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HeyBub wrote:

That is an extreme length for ducting a dryer.
As for easier to work with? I see very little difference between the galv. metal and pvc. One needs a hacksaw to cut it with the other tinsnips. One uses glue, the other just slips together. Haven't checked prices recently but at a guess I suspect galv would be cheaper.
As for the 'combustibility' warnings. I don't think it would really be in play minus a real fire to begin with. There is softening with heat though.
Harry K
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28' is not extreme. According to the chart at http://www.appliance411.com/faq/dryer-vent-length.shtml some models allow 60 or more feet.
--
Steve Barker



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PVC Ducting
While PVC tubing looks like it would be ideal for dryer venting being rigid and perfectly smooth, numerous technicians report that some sort of static effect seems to take place during use which causes lint to adhere to it, eventually leading to blockages. It may be best to avoid this material for this application if you can use rigid metal ducting instead
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HeyBub wrote:

A potential problem is that the PVC pipe will not heat up enough to evaporate water that causes lint to cling to the pipe. Lint buildup would be a major concern.
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Bob wrote:

Good point. So one should insulate the dryer vent pipe, irrespective of the pipe's composition.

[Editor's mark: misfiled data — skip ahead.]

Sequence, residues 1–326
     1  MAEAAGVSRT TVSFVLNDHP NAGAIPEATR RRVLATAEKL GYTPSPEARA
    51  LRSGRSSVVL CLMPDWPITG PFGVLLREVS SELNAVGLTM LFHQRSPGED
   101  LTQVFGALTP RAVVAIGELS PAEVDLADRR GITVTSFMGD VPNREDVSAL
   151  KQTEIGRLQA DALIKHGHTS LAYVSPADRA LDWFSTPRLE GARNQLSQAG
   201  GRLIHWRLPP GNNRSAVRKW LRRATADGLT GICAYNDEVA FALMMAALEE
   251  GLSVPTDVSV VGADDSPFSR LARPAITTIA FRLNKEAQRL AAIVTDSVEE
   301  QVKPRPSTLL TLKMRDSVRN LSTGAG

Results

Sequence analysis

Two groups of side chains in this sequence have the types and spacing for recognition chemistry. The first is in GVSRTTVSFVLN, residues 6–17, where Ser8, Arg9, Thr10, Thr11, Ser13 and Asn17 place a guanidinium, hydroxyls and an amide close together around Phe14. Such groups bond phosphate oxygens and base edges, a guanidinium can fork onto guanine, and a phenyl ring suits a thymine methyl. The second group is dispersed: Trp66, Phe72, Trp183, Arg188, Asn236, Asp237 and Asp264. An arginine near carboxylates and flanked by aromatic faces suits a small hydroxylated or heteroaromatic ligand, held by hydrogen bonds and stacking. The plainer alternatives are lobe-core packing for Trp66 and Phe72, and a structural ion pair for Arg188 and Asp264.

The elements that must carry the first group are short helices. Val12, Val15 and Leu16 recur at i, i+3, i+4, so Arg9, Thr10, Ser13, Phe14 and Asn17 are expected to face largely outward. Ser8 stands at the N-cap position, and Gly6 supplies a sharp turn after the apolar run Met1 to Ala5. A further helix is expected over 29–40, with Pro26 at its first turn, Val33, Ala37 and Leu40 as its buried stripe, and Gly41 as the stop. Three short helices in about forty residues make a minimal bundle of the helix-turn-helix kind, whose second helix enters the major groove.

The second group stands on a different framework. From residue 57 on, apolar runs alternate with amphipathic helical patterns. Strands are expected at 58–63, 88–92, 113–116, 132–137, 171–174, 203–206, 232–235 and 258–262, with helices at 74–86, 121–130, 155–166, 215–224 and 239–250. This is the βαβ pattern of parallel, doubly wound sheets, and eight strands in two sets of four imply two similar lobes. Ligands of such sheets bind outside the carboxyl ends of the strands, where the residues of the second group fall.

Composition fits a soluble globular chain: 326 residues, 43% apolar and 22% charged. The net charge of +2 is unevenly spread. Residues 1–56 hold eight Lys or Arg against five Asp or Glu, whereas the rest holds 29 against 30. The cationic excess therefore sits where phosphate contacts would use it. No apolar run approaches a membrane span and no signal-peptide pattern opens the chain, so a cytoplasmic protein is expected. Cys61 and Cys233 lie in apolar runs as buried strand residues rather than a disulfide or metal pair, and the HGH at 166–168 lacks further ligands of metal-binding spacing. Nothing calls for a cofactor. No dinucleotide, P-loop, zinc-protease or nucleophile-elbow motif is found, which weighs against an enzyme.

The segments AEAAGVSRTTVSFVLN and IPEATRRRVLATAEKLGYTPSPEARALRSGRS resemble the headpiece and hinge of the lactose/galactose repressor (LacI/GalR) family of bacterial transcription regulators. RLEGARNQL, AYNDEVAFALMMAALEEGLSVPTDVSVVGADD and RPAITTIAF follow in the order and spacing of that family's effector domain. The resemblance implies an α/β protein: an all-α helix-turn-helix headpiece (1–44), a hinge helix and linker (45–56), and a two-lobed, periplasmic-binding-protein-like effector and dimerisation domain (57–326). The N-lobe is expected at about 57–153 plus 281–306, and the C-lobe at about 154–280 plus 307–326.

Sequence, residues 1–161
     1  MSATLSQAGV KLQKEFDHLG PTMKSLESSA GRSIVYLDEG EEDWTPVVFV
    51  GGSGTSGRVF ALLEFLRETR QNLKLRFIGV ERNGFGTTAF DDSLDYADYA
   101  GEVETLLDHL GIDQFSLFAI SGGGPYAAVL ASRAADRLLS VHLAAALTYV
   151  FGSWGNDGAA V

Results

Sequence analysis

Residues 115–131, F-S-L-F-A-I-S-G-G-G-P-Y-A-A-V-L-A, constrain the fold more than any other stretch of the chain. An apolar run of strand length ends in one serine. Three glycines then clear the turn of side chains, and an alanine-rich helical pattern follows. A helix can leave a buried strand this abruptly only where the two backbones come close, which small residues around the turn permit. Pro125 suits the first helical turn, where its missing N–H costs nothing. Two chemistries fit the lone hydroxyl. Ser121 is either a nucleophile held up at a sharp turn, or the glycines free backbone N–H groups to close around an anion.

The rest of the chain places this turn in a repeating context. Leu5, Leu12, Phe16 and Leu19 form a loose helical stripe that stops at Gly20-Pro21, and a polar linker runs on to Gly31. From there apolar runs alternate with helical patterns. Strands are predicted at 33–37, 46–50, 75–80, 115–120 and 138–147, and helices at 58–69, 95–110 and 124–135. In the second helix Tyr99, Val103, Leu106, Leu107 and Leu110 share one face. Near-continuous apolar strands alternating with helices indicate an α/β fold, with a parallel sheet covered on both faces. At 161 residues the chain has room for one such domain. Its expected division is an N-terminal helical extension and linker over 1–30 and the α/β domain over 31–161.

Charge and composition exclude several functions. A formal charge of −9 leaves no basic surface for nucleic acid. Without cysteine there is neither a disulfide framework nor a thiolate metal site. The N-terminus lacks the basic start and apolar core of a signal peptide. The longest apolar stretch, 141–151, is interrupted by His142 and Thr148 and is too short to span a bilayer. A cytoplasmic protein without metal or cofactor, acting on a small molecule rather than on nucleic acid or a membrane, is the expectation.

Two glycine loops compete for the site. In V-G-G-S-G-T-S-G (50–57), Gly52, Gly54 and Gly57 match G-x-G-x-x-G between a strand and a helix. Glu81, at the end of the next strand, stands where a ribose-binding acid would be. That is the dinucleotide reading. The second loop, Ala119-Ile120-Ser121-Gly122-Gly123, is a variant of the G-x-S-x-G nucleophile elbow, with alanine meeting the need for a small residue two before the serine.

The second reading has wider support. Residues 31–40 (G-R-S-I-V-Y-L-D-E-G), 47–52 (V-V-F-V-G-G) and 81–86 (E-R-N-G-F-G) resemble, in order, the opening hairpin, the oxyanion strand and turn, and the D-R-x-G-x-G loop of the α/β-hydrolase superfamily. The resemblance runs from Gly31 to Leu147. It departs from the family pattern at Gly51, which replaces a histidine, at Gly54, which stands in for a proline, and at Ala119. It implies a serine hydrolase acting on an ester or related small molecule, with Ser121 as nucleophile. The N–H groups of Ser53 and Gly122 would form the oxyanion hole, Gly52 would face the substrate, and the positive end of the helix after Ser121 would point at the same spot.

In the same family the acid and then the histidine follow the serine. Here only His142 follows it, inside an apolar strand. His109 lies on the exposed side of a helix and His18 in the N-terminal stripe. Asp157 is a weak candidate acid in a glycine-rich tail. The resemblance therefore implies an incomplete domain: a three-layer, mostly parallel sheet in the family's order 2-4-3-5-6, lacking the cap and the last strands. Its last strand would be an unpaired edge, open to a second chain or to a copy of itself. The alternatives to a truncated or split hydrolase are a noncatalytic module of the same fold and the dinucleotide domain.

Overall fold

Hmm. If you do that, who's to know what's under the insulation?
Insulating the vent pipe would make the technique of de-linting using a propane torch easier too.
Thanks for the suggestion.
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| Any reason one can't use 4" PVC sewer pipe for dryer exhaust piping?
it is illegal reason enough
| | I've got to go UP 8 feet (which will be metal), then horizontally about 20' | to get to a soffit. For the 20' run I'm considering the sewer pipe (not the | kind with holes) because it's easier to work with.
this is too long of a run for a dryer vent
| | Goblin roofers didn't replace the roof vent when they put in a new roof, I | didn't notice their failure for a LONG time, and now I'm endeavoring to | correct the problem. I figure a soffit vent is going to be easier than | dealing with a retrofitted roof vent.
soffit vents for dryers suck the lint gets all over the house and sometimes come in the house through an open window.
| | Suggestions welcome.
use metal 4 inch ducting with the least amount of elbows and no flexible ducting.
| | |
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For what it's worth, Harvel Plastics makes a CPVC duct, but I don't think it comes as small as 4" ID.
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most recent requirements i find are for metal. also they limit the length of it to less than you suggest. allow for easy lint cleanouts.
HeyBub wrote:

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